Betty Kaiser

“In war, there are no unwounded soldiers.”
José Narosky

I always think of my Uncle Lee on Veterans Day. He was a quiet, shy country boy when he enlisted in World War II. Born and raised in Missouri he only had a grade school education. To my knowledge, he had never been to a city or seen the ocean when he patriotically enlisted in the army and became part of the war effort.

After the war, he returned to the states a broken man. At the tender age of 18 or 19, he had physically survived the Battle of Normandy (some relatives say the Anzio Beachead) but the mental toll would be a lifelong battle. They called his condition “Shell Shock” from the ammunition barrages. He was in and out of Veterans hospitals for the rest of his life. Mentally, he was mortally wounded.

Sixty years later, men and women are returning from combat in Iraq and Afghanistan with the same condition under a new name. This invisible wound of war is now called ‘Post Traumatic Stress Disorder.’ One out of eight soldiers suffer from PTSD. They may be safely home but they’re still at war. They have flashbacks, nightmares or other anxieties because inside they are still battling the enemy.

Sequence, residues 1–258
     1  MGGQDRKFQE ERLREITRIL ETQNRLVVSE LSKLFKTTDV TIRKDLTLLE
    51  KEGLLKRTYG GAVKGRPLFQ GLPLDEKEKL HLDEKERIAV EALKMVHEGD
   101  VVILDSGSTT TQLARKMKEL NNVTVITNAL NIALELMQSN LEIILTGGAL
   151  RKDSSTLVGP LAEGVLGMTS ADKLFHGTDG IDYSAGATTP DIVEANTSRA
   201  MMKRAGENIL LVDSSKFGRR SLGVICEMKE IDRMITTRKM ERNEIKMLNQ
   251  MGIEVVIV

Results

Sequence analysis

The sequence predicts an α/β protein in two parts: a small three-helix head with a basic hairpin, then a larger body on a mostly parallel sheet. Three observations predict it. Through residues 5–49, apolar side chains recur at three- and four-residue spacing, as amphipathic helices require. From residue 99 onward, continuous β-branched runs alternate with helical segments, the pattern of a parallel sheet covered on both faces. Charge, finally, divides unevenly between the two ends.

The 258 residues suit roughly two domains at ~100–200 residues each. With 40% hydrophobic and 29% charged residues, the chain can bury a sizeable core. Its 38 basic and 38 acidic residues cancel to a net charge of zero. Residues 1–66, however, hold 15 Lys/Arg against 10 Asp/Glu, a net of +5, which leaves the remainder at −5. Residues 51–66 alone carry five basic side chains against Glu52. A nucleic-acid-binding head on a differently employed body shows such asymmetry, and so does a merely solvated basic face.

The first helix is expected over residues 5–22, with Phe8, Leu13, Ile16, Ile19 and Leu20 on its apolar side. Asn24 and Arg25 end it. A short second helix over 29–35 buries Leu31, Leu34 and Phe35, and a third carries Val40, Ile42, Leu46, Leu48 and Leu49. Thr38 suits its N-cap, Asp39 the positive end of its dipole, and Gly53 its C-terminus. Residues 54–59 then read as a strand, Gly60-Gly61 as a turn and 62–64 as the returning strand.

If you add physical injuries to the mental anguish you have a recipe for personal disaster. In spite of fast, quality medical care on the battlefield, thousands suffer amputations, traumatic brain injuries, blindness or visual impairment. This scenario breeds depression, fear, isolation and low self-esteem. Burned or maimed veterans may be ashamed of their appearance. Their activities are restricted. They are alone and angry.

The veteran suffers. Family, friends, neighbors and the community suffer. Everyone is wounded.

There were no support groups for my Uncle Lee. His was a lonely battle. Today there are dozens of Wounded Warrior organizations seeking to enable the disabled and encourage the discouraged. Sun Valley Adaptive Sports ( is a notable example. Initially it was organized to enrich the lives of individuals (i.e. children, teens, adults) with disabilities through sports and recreation.

In 2005 SVAS began the same encouraging sports outreach to veterans organizations. After severely wounded warriors had been treated and transitioned back to their home communities they still needed help. SVAS’ goal was to renew their spirits and give them hope. The program is an unqualified success.

I recently interviewed SVAS Executive Director Tom Iselin. A warm, enthusiastic guy with lots of irons in the fire, he excitedly noted that SVAS now hosts 50 couples per year at 8 events (at no charge). Two of those wounded warriors were Oregonians and their wives: Luke and Tonya Wilson, Hermiston and Bill and Naomi Congleton, Winston. They attended a winter snowsports camp program.